“Style, Stitch, Staple: Basic Upholstering Skills to Tackle Any Project,” by Hannah Stanton.
The Toolbox: Upholstery guide; huge bag clip; removing melted plastic
- June 18, 2013 - 3:01 PM
Whether you just want to re-cover a drop-in seat or reupholster an entire chair, Hannah Stanton’s “Style, Stitch, Staple” can help you through the process.
The basic upholstery guide covers the skills needed for a variety of upholstery projects. Stanton, a designer and upholsterer, introduces readers to the tools and supplies used in the craft and teaches them how to refresh their furniture, from fixing a frame to giving their upholstery professional-looking details such as piping and tufting.
For inspiration, she also showcases some projects reupholstered by other people, both professionals and do-it-yourselfers. The creators discuss the processes they used and the challenges they faced.
“Style, Stitch, Staple: Basic Upholstering Skills to Tackle Any Project” is published by Running Press and sells for $23 in softcover.
Bag clip closes large sacks
Handy Camel is like a chip clip on steroids.
The oversize bag clip is 12 inches long, big enough to close bags of garden soil, de-icer, charcoal and other bulky items. The hinged device grips the bag securely and has a built-in handle to make carrying the bags easier.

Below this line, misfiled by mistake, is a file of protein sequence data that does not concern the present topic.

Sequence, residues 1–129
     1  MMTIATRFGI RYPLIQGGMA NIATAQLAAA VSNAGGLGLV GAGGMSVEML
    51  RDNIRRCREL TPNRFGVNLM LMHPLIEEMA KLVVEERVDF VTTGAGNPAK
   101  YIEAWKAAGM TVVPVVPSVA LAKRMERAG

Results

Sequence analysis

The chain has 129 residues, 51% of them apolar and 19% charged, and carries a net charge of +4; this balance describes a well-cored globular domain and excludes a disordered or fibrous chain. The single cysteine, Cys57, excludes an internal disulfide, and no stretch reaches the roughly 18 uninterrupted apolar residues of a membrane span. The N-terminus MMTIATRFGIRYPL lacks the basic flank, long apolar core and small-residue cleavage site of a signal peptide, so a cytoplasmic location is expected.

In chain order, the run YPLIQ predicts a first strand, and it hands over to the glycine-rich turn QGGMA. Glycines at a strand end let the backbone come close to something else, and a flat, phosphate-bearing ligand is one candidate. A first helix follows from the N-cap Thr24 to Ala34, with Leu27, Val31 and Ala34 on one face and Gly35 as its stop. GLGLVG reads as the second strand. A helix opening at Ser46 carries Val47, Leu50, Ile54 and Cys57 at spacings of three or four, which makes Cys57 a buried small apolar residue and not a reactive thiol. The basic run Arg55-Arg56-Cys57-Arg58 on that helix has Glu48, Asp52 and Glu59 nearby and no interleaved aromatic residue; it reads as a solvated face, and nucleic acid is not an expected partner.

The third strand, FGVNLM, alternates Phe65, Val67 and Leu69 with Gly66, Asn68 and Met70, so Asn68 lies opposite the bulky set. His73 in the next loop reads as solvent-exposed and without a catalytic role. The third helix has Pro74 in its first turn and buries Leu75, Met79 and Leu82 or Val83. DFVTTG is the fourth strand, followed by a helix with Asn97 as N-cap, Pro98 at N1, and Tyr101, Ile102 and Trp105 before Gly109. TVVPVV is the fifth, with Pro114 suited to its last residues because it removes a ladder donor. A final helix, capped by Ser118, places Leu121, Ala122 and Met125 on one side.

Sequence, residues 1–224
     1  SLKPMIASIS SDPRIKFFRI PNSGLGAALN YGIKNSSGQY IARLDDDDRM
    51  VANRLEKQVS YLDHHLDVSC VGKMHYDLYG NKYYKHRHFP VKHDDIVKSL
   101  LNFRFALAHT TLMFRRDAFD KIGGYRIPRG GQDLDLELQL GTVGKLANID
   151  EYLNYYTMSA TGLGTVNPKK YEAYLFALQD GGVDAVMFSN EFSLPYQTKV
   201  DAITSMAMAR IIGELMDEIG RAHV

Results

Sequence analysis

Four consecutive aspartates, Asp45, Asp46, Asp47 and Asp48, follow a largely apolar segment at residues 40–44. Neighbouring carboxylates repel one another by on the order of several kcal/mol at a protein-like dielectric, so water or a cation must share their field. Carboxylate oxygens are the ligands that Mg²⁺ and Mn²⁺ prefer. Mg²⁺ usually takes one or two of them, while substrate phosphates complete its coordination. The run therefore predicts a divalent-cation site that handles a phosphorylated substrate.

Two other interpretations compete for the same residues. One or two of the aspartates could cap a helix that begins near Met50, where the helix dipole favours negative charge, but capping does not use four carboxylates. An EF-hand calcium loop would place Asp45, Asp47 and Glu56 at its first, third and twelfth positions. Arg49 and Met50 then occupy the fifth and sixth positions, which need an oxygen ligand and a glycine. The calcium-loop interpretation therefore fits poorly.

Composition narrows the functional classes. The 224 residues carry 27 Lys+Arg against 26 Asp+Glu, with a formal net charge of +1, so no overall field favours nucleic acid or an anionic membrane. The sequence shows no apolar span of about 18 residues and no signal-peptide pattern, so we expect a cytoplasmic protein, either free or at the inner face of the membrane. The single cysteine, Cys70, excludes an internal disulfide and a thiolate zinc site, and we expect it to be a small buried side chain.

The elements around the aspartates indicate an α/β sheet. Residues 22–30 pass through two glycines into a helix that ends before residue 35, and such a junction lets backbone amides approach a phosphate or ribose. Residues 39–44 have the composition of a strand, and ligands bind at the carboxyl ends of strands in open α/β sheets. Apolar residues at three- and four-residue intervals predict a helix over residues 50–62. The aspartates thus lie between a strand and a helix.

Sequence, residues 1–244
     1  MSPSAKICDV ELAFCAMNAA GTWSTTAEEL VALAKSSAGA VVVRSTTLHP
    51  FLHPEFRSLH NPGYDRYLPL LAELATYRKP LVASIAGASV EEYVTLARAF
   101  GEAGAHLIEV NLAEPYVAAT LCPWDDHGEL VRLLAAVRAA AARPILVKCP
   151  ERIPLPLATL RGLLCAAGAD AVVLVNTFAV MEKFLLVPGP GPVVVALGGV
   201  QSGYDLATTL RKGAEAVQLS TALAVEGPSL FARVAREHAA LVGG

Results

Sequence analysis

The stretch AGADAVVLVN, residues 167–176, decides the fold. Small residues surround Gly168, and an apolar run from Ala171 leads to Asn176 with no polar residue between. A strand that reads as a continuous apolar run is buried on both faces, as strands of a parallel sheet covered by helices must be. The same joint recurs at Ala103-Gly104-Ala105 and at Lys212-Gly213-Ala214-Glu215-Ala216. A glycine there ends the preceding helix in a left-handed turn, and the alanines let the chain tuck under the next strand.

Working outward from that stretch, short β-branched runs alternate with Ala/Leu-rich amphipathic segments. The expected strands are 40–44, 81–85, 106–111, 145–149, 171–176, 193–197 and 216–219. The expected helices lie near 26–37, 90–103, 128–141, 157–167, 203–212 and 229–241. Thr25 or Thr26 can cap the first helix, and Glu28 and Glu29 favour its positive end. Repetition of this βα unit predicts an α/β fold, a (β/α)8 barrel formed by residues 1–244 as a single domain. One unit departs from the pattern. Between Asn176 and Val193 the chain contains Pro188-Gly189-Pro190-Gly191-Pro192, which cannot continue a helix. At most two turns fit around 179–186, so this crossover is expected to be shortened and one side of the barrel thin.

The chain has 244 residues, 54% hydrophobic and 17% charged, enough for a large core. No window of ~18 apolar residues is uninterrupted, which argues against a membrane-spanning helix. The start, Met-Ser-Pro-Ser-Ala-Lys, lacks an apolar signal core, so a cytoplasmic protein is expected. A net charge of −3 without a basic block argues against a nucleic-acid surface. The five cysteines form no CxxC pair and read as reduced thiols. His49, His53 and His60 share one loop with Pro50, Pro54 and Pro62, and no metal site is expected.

The clip can be adjusted on the bag for use as a pouring handle, too.
The Handy Camel costs $14.95, or four for $44.85. Shipping is $8.95.
It can be ordered at www.handycamel.com.
Removing melted plastic
Q: I preheated my Kenmore self-cleaning oven, unaware that a plastic silverware holder was inside. How can I remove the concrete-hard melted plastic buildup? Would you advise turning the self-cleaning option on with the hope that the plastic will disintegrate, or is there a potential of toxic fume release?
A: Don’t use the self-cleaning cycle. Besides releasing fumes, it could cause the plastic to catch fire, said Rudy Germeister, owner of Advanced Appliance Service Co. in Akron, Ohio.
Germeister said he’s found that melted plastic is brittle, and if you pry it, it might pop off. He suggested using a stiff putty knife and trying to lift the plastic at one corner.
Be careful not to damage the oven surface, however. He said the coating on the surface is important to the self-cleaning function.
A razor scraper can be used to remove melted plastic from some surfaces, but don’t do that without checking with the manufacturer.
Akron beacon journal
© 2013 Star Tribune